The dlt cli has also created a main pipeline script for you at, as well as a folder jira that contains additional python files for your source. These files are your local copies which you can modify to fit your needs. In some cases you may find that you only need to do small changes to your pipelines or add some configurations, in other cases these files can serve as a working starting point for your code, but will need to be adjusted to do what you need them to do.

The main pipeline script will look something like this:

from typing import List, Optional

import dlt
from jira import jira, jira_search

def load(endpoints: Optional[List[str]] = None) -> None:
Load data from specified Jira endpoints into a dataset.

endpoints: A list of Jira endpoints. If not provided, defaults to all resources.
if not endpoints:
endpoints = list(jira().resources.keys())

pipeline = dlt.pipeline(
pipeline_name="jira_pipeline", destination='duckdb', dataset_name="jira"

load_info =*endpoints))

print(f"Load Information: {load_info}")

def load_query_data(queries: List[str]) -> None:
Load issues from specified Jira queries into a dataset.

queries: A list of JQL queries.
pipeline = dlt.pipeline(

load_info =

print(f"Load Information: {load_info}")

if __name__ == "__main__":
# Add your desired endpoints to the list 'endpoints'

queries = [
"created >= -30d order by created DESC",
'project = KAN AND status = "In Progress" order by created DESC',


Provided you have set up your credentials, you can run your pipeline like a regular python script with the following command:


4. Inspecting your load result

You can now inspect the state of your pipeline with the dlt cli:

dlt pipeline jira_pipeline info

You can also use streamlit to inspect the contents of your DuckDB destination for this:

# install streamlit
pip install streamlit
# run the streamlit app for your pipeline with the dlt cli:
dlt pipeline jira_pipeline show

5. Next steps to get your pipeline running in production

One of the beauties of dlt is, that we are just a plain Python library, so you can run your pipeline in any environment that supports Python >= 3.8. We have a couple of helpers and guides in our docs to get you there:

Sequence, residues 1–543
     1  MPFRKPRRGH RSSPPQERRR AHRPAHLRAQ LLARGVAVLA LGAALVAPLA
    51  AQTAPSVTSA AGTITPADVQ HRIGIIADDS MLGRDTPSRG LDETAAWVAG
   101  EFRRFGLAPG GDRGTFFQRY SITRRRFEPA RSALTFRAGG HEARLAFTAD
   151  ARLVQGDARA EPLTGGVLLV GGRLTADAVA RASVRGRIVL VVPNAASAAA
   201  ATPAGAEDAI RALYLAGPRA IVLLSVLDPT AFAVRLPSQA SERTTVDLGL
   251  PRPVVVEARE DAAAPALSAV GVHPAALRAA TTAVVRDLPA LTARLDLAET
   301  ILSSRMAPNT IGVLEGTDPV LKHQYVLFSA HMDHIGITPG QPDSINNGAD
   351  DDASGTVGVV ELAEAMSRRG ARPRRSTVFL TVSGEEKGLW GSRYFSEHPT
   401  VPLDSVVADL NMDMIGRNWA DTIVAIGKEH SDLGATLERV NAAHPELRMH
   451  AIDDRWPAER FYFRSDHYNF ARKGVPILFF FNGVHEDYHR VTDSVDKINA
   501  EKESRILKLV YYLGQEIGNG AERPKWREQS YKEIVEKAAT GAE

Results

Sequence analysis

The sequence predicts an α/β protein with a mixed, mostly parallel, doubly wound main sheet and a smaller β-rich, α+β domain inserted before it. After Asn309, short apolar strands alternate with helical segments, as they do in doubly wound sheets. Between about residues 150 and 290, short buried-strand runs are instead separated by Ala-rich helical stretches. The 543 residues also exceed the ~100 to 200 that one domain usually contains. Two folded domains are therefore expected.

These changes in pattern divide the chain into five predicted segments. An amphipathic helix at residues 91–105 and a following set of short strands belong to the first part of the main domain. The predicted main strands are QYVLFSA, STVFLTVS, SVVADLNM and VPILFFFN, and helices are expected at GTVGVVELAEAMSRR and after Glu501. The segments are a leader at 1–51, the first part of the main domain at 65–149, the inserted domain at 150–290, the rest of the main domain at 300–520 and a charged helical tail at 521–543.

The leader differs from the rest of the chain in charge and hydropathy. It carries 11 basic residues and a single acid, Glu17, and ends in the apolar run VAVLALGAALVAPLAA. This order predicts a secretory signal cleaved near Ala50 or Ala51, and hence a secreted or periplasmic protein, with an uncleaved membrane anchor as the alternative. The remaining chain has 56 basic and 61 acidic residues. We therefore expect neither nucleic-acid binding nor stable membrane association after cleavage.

The Deploy section will show you how to deploy your pipeline to

  • Deploy with Github Actions: dlt supports deployment through Github Actions. This is a CI/CD runner that you can use basically for free.
  • Deploy with Airflow: You can also deploy dlt using Airflow. This method utilizes Google Composer, a managed Airflow environment provided by Google.
  • Deploy with Google Cloud Functions: dlt can be deployed using Google Cloud Functions. This serverless execution environment allows you to build and connect cloud services with your code.
  • Other Deployment Methods: dlt supports various other deployment methods. You can explore more about them here.

The running in production section will teach you about:

  • Monitor Your Pipeline: dlt allows you to keep a close eye on your pipeline's performance and health. You can find out how to set this up here.
  • Set Up Alerts: With dlt, you can receive notifications about any significant events or issues in your pipeline. Learn how to configure these alerts here.
  • Enable Tracing: dlt provides powerful tracing capabilities to help you debug and optimize your pipeline. Find out how to enable this feature here.

Available Sources and Resources

For this verified source the following sources and resources are available

Source jira

The Jira source provides data on project management tasks, including details on issues, users, workflows, and projects.

Resource NameWrite DispositionDescription
issuesreplaceIndividual pieces of work to be completed. Contains various fields such as assignee, comments, created time, reporter, status, summary, updated time, etc.
projectsreplaceA collection of tasks that need to be completed to achieve a certain outcome. Contains fields such as avatar URL, description, ID, key, lead, name, etc.
usersreplaceAdministrator of a given project. Contains fields such as account ID, account type, avatar URL, display name, email address, etc.
workflowsreplaceThe key aspect of managing and tracking the progress of issues or tasks within a project. Contains fields such as created time, description, ID, updated time, etc.

Additional pipeline guides

This demo works on codespaces. Codespaces is a development environment available for free to anyone with a Github account. You'll be asked to fork the demo repository and from there the README guides you with further steps.
The demo uses the Continue VSCode extension.

Off to codespaces!